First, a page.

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The Hardships of Hijabs: When Style and Stereotypes collide

Senior+Nargis+Rajai+wears+her+hijab+as+part+of+her+Islamic+culture.+
Senior Nargis Rajai wears her hijab as part of her Islamic culture.

Senior Nargis Rajai wears her hijab as part of her Islamic culture.

Natalie Lambert

Natalie Lambert

Senior Nargis Rajai wears her hijab as part of her Islamic culture.

Julia Petrillo, Editorial Board

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One of the first things many notice about senior Nargis Rajai is what she wears on her head. Often brightly colored or patterned, Rajai, like many other Algonquin students, wears a headscarf for religious and personal reasons.

Muslim females often wear head scarves, also known as “hijabs.” The hijab represents the requirement by the deity Allah that both men and women must remain modest.

Nargis Rajai chooses to wear a hijab for her own reasons.
“It’s not just an outfit you put on, it comes with a whole new and refined lifestyle,” Rajai said. “As you can see by some of the other girls at school who are Muslims that do or do not wear hijabs, they’re not pressed to.”
There are close to one million Muslim women in America, and of those women, 43 percent choose to wear hijabs.
“It’s simply a way of showing respect for yourself and others: simplicity, modesty, and level of devotion and commitment to God,” Rajai said. “To me, my female relatives had such an impact on me that immediately I saw the hijab as beauty and nothing else.”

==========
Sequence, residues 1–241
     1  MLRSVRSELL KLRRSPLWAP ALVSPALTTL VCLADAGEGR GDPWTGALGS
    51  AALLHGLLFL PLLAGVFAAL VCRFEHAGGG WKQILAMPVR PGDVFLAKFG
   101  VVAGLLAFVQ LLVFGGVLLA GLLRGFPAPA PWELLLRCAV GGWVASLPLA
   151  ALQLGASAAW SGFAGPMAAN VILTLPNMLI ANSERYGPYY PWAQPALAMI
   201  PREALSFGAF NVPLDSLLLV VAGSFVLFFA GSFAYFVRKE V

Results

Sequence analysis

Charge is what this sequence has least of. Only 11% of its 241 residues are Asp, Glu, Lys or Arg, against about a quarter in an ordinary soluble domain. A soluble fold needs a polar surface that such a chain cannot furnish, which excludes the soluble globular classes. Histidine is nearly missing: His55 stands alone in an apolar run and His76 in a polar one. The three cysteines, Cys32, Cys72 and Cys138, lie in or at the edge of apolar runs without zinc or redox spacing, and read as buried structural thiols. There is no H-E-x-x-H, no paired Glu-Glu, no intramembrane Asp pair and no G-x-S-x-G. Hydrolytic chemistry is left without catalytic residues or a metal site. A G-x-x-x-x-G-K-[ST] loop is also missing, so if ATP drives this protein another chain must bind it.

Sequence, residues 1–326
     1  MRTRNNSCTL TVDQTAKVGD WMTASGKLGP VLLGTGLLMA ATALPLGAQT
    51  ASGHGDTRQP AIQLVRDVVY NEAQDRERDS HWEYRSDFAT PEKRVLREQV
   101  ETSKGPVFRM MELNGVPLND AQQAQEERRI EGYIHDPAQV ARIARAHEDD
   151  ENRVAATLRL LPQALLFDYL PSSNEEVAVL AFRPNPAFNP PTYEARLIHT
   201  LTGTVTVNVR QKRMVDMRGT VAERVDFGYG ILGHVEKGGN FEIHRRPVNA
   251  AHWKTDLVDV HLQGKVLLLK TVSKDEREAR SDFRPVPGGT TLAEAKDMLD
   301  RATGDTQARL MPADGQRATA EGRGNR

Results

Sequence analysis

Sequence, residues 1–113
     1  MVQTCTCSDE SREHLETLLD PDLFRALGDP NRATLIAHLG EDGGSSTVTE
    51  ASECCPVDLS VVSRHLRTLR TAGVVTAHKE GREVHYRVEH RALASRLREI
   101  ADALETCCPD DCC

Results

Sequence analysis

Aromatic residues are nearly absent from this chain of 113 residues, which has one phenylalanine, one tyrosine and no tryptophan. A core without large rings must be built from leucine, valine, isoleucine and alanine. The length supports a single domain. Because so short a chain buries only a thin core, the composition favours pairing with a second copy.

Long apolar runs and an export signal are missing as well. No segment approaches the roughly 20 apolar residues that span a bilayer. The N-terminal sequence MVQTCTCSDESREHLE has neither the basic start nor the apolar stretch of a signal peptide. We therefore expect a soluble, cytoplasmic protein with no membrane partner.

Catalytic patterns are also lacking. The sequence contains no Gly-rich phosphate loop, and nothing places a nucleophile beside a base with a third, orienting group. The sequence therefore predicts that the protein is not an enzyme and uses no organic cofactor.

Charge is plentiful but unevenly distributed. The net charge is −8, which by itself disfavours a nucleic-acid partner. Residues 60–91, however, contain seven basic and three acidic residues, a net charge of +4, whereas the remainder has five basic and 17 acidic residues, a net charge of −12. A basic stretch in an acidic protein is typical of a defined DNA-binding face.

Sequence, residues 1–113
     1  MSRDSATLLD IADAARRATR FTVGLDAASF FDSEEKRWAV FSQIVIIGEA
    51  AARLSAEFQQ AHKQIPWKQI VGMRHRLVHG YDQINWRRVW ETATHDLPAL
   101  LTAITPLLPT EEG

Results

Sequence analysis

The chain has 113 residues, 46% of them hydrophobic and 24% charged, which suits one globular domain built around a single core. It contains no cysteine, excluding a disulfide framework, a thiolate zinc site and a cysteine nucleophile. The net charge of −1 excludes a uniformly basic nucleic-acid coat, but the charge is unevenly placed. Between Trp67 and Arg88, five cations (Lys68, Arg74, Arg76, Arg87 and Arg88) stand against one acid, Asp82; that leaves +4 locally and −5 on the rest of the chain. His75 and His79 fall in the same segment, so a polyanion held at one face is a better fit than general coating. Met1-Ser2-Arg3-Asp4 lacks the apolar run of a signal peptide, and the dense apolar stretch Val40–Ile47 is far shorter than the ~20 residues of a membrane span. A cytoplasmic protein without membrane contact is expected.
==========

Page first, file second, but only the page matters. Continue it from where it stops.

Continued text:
The New York Times stated in an article from August 2015 called “A Makeover for the Hijab, via Instagram” that for those who choose to wear the hijab, aside from it showing religious devotion, it has become a way to show self expression and to accompany cultural identity. Despite contradiction, an increasing number of Muslim women are blending personal style and the religious spirit of the hijab. It is a freedom in respect of choosing to wear it or not.
“By wearing a scarf I’ve just become more connected to who I am as a person, and have seen the spectral range of the human condition as a whole by their reactions of my identity,” Rajai said.
According to an NPR article titled “Lifting The Veil: Muslim Women Explain Their Choice” from April 2011, the gap between women who choose to wear headscarves has never been so prominent. Women that choose to “unveil” say the choice is often a personal matter or for a religious reason.
“It just sucks that some people are ashamed of it [hijab] and hide it when there’s really nothing to be embarrassed or shy about in the first place if it makes up who you are or who you want to be,” Rajai said. “Of course I feel stereotyped and self-conscious, but it doesn’t stop me from doing what I morally believe is right.”
From the aforementioned New York Times article, it was also reported that younger Muslim women are changing the way the hijab is viewed, claiming that modesty does not have to be unfashionable.

Rajai tries to incorporate her hijab into her own personal fashion.
“My style isn’t dependent on a certain trend or cultural group, I sort of mix it up and take ideas from everywhere and try to really coordinate my outfits with the different ways other cultures wear their hijabs,” Rajai said, “I especially like the way the Turks wear their hijabs because it’s easy to create when you’re on the go, and looks super cute.”
Ultimately, the hijab is a choice.
“I choose to wear the hijab because the purpose and symbol it represented for me went hand in hand,” Rajai said. “I just want people to be tolerant, aware, and accepting that what I wear doesn’t define me.”

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The Hardships of Hijabs: When Style and Stereotypes collide